This Film is Not Yet Rated is an interesting documentary but as with The Cove (link), it is akward at times because it is really telling two stories and sometimes the back and forth can get confusing. In both cases one story is getting footage – in the Cove it is footage of how whales and dolphins are butchered in Japan, in this one it is footage of the MPAA Ratings Board- and the other is about why they want this footage, what they are going to do with it, its impact, etc.
Its central premise is a good one: Who are those people deciding what ratings to put on movies? Why are their identities kept secret? Thus the plot device – the directory, Kirby Dick, hires private investigators to try to identify these people. The movie thus cuts between what she finds out and interviews with directors and artists ranging from the always colorful and funny John Waters to Kimberly Peirce (director of Boys Don’t Cry) to Matt Stone of the South Park series and movies – to talk about the impact of the ratings of films on them and on the box office.
If you’re interested in movies and ratings this movie is a must-see. If not you might find it plodding at parts.
The best parts, for me, come in the second half when the director submits this documentary to the MPAA (it gets an NC-17 because he included controversial scenes from other movies that received NC-17). When he files an appeal, and thus begins to finally communicate with its leaders and learns things previously unknown to the general public, such as that there are two religious figures on the appeals board. And, yes, the identities of each of the raters is revealed through great – sometimes funny – detective work.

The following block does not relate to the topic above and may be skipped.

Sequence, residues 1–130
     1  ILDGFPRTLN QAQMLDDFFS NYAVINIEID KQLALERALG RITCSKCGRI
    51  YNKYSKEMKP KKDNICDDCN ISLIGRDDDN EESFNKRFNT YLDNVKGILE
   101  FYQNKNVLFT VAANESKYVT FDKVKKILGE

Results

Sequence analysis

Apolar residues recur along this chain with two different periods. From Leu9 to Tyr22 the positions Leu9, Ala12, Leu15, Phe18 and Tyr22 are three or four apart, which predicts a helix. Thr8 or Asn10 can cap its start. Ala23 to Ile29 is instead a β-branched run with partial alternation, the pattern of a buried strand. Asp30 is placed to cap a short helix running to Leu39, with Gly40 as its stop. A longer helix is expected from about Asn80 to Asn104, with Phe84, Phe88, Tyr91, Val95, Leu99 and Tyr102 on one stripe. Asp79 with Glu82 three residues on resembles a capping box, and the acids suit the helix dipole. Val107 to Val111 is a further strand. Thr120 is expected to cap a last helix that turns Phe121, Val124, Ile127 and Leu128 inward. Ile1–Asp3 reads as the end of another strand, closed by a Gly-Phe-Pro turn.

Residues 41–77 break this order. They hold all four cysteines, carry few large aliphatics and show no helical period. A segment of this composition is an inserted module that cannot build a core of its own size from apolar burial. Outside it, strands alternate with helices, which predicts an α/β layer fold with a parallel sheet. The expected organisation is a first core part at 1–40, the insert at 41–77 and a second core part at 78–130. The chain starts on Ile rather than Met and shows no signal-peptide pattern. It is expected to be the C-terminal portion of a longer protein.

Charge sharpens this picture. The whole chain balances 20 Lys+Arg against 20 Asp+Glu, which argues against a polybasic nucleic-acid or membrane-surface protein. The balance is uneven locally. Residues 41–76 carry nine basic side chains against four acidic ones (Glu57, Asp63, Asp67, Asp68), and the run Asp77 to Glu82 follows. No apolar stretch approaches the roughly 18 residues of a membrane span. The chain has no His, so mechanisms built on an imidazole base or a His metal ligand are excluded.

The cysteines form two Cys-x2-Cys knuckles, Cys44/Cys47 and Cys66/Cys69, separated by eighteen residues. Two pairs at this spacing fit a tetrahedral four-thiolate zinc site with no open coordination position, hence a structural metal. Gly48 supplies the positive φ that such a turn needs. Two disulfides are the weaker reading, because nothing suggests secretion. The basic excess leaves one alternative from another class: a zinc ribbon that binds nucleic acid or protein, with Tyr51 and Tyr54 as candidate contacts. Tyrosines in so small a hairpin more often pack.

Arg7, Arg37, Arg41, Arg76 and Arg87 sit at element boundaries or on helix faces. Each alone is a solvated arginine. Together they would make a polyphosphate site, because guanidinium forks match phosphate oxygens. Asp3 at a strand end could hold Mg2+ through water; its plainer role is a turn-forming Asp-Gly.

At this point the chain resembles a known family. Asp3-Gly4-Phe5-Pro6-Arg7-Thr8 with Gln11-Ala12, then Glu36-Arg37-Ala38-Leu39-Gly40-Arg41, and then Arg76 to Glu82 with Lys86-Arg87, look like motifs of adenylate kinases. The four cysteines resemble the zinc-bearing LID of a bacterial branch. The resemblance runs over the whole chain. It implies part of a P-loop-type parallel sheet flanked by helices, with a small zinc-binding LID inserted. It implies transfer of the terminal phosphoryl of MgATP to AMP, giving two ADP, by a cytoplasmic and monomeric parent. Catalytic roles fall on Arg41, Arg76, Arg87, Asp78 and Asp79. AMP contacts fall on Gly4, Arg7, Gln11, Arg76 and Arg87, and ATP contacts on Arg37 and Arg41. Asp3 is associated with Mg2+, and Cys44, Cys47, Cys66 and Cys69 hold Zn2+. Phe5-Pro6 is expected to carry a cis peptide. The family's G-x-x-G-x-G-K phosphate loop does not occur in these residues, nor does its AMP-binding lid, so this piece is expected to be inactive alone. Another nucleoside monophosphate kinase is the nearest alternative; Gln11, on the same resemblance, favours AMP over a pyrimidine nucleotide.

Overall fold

I did learn some interesting facts and I consider myself pretty knowledgeable about film. But I did not know, for example, that films released unrated (despite MPAA calling its system voluntary) can’t be advertised in some markets and with some theater chains and the same is true of those getting the NC-17 rating. So a good chunk of the movie asks why some movies get NC-17 while others get R.
Bonus: The dvd commentary (yes, I’m one of those people who listens to the audio commentary of every movie I watch) is more interesting than usual as it lets the main investigator tell her story, which is also quite interesting.)
I’ll leave the last word to Roger Ebert:
But while "This Film Is Not Yet Rated" may not present the most effective or airtight case against the MPAA, what it does dig up is damning enough. Some will say it's "one-sided" or "unfair," but that's a rather silly thing to say about an indictment of an autocratic system that is patently one-sided and unfair. The MPAA's positions are amply represented in the film, mostly by career demagogue and super-lobbyist Jack Valenti, now retired, who was instrumental in creating and mythologizing the ratings to begin with.
After seeing "This Film Is Not Yet Rated," you may find yourself thinking a government censorship board, of the kind that exists today in parts of Canada or the U.K., isn't such a bad idea. At least somebody would have to be accountable for the decisions they make. Wouldn't they?